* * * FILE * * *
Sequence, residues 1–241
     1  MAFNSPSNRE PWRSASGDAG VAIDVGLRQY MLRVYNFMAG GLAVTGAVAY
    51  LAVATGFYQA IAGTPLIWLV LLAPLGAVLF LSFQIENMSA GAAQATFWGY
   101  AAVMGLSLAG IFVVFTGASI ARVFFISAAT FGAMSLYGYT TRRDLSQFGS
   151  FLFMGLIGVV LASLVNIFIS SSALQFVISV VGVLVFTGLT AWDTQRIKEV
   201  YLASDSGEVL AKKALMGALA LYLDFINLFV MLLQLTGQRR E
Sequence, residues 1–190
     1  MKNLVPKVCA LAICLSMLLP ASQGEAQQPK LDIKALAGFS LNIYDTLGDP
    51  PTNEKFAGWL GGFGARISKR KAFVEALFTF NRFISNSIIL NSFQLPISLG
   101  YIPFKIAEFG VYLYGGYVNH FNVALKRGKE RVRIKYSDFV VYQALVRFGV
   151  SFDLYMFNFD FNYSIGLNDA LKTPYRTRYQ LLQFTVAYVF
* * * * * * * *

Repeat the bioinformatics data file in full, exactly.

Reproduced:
Sequence, residues 1–241
     1  MAFNSPSNRE PWRSASGDAG VAIDVGLRQY MLRVYNFMAG GLAVTGAVAY
    51  LAVATGFYQA IAGTPLIWLV LLAPLGAVLF LSFQIENMSA GAAQATFWGY
   101  AAVMGLSLAG IFVVFTGASI ARVFFISAAT FGAMSLYGYT TRRDLSQFGS
   151  FLFMGLIGVV LASLVNIFIS SSALQFVISV VGVLVFTGLT AWDTQRIKEV
   201  YLASDSGEVL AKKALMGALA LYLDFINLFV MLLQLTGQRR E
Sequence, residues 1–190
     1  MKNLVPKVCA LAICLSMLLP ASQGEAQQPK LDIKALAGFS LNIYDTLGDP
    51  PTNEKFAGWL GGFGARISKR KAFVEALFTF NRFISNSIIL NSFQLPISLG
   101  YIPFKIAEFG VYLYGGYVNH FNVALKRGKE RVRIKYSDFV VYQALVRFGV
   151  SFDLYMFNFD FNYSIGLNDA LKTPYRTRYQ LLQFTVAYVF